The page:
Alexander Johannesen wrote:
Sure. My own two Bob’s worth is that it is too little to late, and
also that LCSH in all its glory itself is a complicated scheme that it
would take mostly librarians to love and use, and hence others out
there couldn’t care too much about it. (You spoke of the NRK use case
of which I have insider information that suggests that LCSH isn’t
suitable, mostly by virtue of being poorly and too slowly maintained
as a Norwegian subset).
I think this is the main question, and I think it should posed not in *theoretical* terms but in *practical* terms. Perhaps some of these linked data projects may work more or less in ten years or so and perhaps not. While I did not understand the limitations inherent in RDF and SKOS, I do understand very clearly the idea of linked data and how powerful it could become someday. I’ve written about it myself. But, we are working in very *practical times* today and it seems these solutions will take several years to work out (at least), longer to actually implement, and all this in a time of decreasing budgets and a growing skepticism from the public (who provides our funding) about the usefulness of library records in general. I have noticed that measuring time on the web is different and seems to me rather similar to the so-called “dog years” where one human year equals 7 years for a dog (the last I read anyway). I don’t know what the relationship is with “library time” and “world wide web time,” but it must be somewhat similar. For example, our undergraduates today cannot imagine a world without Google (which they much prefer to our tools) and they find library tools rather strange. In just a few years from now, they will be the graduate students and the tax payers, and they will be further away from library records than ever. With each passing year, it will be increasingly difficult to win them back–win them back to our *tools,* not necessarily to our *collections,* although that may prove to be difficult as well if the Google Book agreement is implemented and we see how it is used.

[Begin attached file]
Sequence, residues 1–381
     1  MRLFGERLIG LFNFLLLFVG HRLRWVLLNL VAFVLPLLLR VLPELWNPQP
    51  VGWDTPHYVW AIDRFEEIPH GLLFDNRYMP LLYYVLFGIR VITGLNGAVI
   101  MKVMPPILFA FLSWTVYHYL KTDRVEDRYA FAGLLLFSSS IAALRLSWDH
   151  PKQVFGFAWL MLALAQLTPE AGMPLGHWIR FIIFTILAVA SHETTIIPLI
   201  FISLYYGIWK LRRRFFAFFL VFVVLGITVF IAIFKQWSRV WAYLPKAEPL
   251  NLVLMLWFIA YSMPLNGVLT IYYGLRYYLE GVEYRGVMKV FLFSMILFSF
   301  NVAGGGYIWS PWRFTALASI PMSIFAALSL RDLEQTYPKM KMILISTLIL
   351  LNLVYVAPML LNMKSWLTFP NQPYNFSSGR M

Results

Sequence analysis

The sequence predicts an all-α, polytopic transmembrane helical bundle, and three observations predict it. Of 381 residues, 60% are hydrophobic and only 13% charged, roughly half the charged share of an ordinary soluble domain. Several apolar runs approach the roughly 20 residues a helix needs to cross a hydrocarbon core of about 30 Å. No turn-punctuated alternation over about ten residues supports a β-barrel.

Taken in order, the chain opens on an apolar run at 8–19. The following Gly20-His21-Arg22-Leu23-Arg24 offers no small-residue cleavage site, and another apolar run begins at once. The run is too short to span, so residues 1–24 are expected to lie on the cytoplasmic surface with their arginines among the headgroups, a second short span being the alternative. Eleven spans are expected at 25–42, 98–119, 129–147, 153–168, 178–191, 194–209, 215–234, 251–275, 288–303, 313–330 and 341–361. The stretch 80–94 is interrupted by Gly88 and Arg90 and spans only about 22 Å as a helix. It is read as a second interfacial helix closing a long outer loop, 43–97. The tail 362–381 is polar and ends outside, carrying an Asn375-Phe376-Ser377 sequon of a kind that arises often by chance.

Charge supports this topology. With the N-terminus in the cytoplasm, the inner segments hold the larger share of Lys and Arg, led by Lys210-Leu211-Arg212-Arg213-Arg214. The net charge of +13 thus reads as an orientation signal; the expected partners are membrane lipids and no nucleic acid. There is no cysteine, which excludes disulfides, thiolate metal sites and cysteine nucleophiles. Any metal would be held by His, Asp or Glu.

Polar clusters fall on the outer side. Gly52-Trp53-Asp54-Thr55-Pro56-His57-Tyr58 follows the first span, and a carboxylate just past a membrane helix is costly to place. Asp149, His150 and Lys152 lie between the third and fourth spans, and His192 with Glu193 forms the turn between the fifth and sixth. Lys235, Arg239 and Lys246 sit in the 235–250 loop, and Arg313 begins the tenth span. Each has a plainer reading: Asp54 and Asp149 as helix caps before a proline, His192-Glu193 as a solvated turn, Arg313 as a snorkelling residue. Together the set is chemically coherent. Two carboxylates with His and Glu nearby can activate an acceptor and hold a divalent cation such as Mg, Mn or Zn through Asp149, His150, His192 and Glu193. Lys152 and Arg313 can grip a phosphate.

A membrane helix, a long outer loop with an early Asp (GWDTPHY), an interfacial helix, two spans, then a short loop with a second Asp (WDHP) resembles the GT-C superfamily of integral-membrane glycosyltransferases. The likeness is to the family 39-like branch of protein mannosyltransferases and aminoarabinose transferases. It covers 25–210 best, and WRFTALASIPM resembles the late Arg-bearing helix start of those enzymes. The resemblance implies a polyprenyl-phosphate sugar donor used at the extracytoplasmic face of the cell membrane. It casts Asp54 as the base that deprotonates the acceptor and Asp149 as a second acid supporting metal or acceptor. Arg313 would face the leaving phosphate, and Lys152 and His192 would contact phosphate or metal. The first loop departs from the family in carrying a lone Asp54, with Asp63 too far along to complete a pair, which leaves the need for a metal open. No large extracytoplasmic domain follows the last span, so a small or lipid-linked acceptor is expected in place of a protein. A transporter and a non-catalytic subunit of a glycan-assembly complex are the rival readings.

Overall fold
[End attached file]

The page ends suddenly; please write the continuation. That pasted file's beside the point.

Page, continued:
So, as I look at all of these projects as a web designer, I look at them with an idea of usefulness to those who use the tools I make. It is an axiom of information architecture that a page grows in importance with the number of links it has both to it and from it (this is a measure of how well it is incorporated into the WWW). As a designer, I will link to pages that contain useful links. Linking to a dead page (no links) will serve no purpose and only anger my constituents. This is why I can’t imagine anyone linking to id.loc.gov and why they might to dbpedia: one is value-added and the other has none at all. We have to give the web designers out there a genuine reason to put in a link to our tools, otherwise, they won’t do it.
But, I believe that LCSH can potentially provide users much more useful browsing, using the great syndetic structure, so long as people do *not* have to navigate it as they did in the card catalog, where it worked a lot better. I think the see alsos are great, so that when I think I want “Authority” I find the exceedingly helpful:
Narrower Term: Example.
Narrower Term: General will.
Narrower Term: Power (Philosophy)
See Also: Authoritarianism
See Also: Consensus (Social sciences)
and use the links to discover that I really want: Legitimacy of governments. This should be incredibly simple to do today, and I think that if it were, and with appropriate useful links incorporated, people would really like it.
But perhaps this is all a matter of doing something like Jane said and getting into cooperative projects such as HIVE [Hi Jane! And thanks for the link!]. This could be one of the areas that I and others have mentioned about “losing control,” where catalogers and librarians become merely one among equals. For example, we could put from the URIs to the id.loc.gov in dbpedia. I don’t know what good that would do, but we could. Nevertheless, I feel there is a huge role for us to play, both in the creation and management of metadata and in other areas of the web to lend a layer of some type of “authority,” but it will probably be with tools created by others since what we have made just doesn’t seem to cut it.